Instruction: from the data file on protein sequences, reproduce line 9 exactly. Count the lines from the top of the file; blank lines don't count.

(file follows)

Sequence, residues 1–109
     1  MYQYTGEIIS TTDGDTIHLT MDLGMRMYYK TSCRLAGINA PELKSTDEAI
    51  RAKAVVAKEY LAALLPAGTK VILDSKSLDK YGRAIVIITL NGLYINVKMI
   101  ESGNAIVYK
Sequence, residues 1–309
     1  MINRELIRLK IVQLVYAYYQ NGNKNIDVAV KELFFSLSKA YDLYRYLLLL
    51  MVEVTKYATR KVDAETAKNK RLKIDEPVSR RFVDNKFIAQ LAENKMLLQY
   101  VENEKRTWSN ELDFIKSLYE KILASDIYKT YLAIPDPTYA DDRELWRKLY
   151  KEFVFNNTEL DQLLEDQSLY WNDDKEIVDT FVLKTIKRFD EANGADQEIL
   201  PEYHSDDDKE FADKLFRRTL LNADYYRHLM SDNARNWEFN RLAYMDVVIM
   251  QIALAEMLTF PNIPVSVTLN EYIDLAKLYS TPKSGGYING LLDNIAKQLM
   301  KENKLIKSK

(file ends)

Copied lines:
   151  KEFVFNNTEL DQLLEDQSLY WNDDKEIVDT FVLKTIKRFD EANGADQEIL